Wednesday 30 September, 2020

New England in the Fall

Jason Kottke, the Über Blogger lives in Vermont. He posted this astonishing image on his blog the other day. It makes one realise that the English Autumn, though beautiful in its way, is pretty muted by comparison.

Quote of the Day

“It seems to people who are on lockdown that it’s going on interminably, but for scientists it’s just the beginning. We are still just scratching the surface of this.”

  • Dr. Martha Nelson, a scientist at the US National Institutes of Health who specializes in epidemics and viral genetics, quoted in today’s New York Times piece marking the sombre milestone of a million Covid deaths worldwide.

Yep: we’re in a marathon, not a sprint.

Musical replacement for the morning’s radio news

Schubert – Impromptu #3: Vladimir Horowitz, live performance in Vienna, in 1987 (I think)


Audio quality is not great, but it’s a lovely performance. Amazing to see the way he seems almost to caress the keyboard with those long fingers of his.

How To Plan For The Post-Covid Future

Long read of the day

Tim O’Reilly is one of the smartest people I know. And this essay is worth your time IMHO:

The 20th century didn’t really begin in the year 1900, it began in 1914, when the assassination of Austrian Archduke Ferdinand triggered long-simmering international tensions and the world slid, seemingly inexorably, into a great world war, followed by a roaring return to seeming normality and then a crash into a decade-long worldwide depression and another catastrophic war. Empires were dissolved, an entire way of life swept away. A new, more prosperous world emerged only through the process of rebuilding a society that had been torn down to its foundations.

So too, when we look back, we will understand that the 21st century truly began this year, when the COVID19 pandemic took hold. We are entering the century of being blindsided by things that we have been warned about for decades but never took seriously enough to prepare for, the century of lurching from crisis to crisis until, at last, we shake ourselves from the illusion that our world will go back to the comfortable way it was and begin the process of rebuilding our society from the ground up.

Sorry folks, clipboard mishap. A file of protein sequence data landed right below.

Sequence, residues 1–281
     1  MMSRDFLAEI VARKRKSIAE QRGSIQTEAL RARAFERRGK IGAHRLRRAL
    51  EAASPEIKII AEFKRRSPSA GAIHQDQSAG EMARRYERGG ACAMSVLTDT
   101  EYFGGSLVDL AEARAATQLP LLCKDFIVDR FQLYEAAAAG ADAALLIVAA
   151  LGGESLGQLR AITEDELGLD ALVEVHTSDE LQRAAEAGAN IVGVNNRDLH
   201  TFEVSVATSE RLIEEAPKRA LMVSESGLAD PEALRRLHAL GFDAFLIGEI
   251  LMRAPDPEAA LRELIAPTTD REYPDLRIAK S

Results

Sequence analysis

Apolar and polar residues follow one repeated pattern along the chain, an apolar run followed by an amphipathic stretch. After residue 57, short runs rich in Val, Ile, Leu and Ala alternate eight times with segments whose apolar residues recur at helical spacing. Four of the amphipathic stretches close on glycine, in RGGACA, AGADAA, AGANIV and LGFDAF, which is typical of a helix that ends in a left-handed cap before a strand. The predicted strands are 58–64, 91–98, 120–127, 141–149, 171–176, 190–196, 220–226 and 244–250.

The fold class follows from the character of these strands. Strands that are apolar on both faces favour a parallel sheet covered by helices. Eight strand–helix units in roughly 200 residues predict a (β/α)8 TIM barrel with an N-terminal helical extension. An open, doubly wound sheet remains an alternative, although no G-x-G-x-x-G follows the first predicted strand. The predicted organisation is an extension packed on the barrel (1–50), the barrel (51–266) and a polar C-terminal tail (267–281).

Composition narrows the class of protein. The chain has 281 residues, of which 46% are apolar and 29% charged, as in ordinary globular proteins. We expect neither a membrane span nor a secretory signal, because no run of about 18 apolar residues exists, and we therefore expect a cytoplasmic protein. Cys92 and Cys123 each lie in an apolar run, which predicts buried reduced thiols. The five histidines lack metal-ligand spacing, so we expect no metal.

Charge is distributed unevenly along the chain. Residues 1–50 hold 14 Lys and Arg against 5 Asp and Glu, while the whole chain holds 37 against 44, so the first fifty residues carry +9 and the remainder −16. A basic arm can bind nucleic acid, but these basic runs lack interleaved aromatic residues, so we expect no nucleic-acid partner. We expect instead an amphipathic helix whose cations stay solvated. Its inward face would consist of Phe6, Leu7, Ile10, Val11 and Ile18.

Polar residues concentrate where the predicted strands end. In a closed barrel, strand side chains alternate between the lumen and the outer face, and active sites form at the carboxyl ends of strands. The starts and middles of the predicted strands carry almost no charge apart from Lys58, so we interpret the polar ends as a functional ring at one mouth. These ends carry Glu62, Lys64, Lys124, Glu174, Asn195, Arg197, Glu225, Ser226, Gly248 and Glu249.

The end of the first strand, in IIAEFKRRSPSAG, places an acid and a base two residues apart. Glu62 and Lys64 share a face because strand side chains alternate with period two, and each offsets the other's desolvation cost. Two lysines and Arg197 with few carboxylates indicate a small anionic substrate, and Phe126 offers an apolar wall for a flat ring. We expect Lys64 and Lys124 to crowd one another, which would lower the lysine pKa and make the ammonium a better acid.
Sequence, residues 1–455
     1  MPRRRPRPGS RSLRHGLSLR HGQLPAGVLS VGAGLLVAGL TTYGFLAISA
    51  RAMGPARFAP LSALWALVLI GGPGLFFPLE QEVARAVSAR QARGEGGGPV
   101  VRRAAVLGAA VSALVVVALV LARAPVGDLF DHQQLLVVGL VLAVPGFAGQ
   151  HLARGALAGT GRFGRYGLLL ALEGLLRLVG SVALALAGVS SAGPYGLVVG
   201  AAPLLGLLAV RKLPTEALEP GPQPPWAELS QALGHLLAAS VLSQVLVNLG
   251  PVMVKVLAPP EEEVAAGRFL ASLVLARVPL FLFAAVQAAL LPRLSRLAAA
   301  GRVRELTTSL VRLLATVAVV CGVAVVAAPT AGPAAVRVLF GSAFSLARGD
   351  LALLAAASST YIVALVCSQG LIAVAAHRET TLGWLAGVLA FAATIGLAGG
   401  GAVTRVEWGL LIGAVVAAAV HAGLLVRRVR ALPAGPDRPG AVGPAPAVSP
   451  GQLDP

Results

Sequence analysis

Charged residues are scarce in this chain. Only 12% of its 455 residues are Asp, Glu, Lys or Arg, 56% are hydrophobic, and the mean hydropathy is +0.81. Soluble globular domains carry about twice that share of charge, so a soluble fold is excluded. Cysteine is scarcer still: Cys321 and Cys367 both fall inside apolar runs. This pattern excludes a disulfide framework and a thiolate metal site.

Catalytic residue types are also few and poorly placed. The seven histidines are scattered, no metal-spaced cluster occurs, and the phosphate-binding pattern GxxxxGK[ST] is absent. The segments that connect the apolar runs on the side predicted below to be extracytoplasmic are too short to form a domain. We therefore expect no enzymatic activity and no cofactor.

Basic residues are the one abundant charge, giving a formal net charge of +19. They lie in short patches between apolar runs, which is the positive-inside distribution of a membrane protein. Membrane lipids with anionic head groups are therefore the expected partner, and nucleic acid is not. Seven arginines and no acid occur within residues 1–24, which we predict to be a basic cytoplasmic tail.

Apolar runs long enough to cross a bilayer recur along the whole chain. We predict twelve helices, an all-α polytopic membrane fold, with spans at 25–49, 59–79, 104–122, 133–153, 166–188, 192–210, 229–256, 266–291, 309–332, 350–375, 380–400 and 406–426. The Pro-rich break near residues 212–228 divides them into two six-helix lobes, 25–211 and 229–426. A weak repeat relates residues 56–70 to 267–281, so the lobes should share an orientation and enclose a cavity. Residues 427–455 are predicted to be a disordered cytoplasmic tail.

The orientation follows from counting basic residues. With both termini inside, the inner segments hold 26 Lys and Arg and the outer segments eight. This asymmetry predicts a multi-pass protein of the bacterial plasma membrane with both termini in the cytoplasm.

Even when we develop a successful COVID19 vaccine or treatment, or when we achieve herd immunity, this will not be the last pandemic. Other long-predicted but “unexpected” crises lurk in the wings: flooding, drought, mass migrations, food shortages, and wars as a result of climate change; widespread antibiotic resistance due to overuse on factory farms; political instability driven by an unsustainable level of economic inequality; crumbling infrastructure and lack of investment in bettering the lives of ordinary citizens at the expense of a feverish Ponzi economy focused on growing asset values for the wealthy.

So, when you read stories—and there are many—speculating or predicting when and how we will return to “normal”, discount them heavily. The future will not be like the past. The comfortable Victorian and Georgian world complete with grand country houses, a globe-spanning British empire, and lords and commoners each knowing their place, was swept away by the events that began in the summer of 1914 (and that with Britain on the “winning” side of both world wars.) So too, our comfortable “American century” of conspicuous consumer consumption, global tourism, and ever-increasing stock and home prices may be gone forever.


Our failure to make deep, systemic changes after the financial collapse of 2009, and our choice instead to spend the last decade cutting taxes and spending profusely to prop up financial markets while ignoring deep, underlying problems has only made responding to the current crisis that much more difficult. Our failure to build back creatively and productively from the global financial crisis is necessary context for the challenge to do so now…

Thoughtful, far-reaching and not necessarily reassuring.

Former Facebook manager: “We took a page from Big Tobacco’s playbook”

Well, well. For a long time I’ve been likening the surveillance capitalist companies to tobacco and oil companies. But I never thought I’d hear a former Facebook employee state that he once saw the analogy as a guide to policy. Yet here is Tim Kendall, who served as director of monetization for Facebook from 2006 through 2010, speaking to Congress on September 24 as part of a House Commerce subcommittee hearing examining how social media platforms contribute to the mainstreaming of extremist and radicalizing content.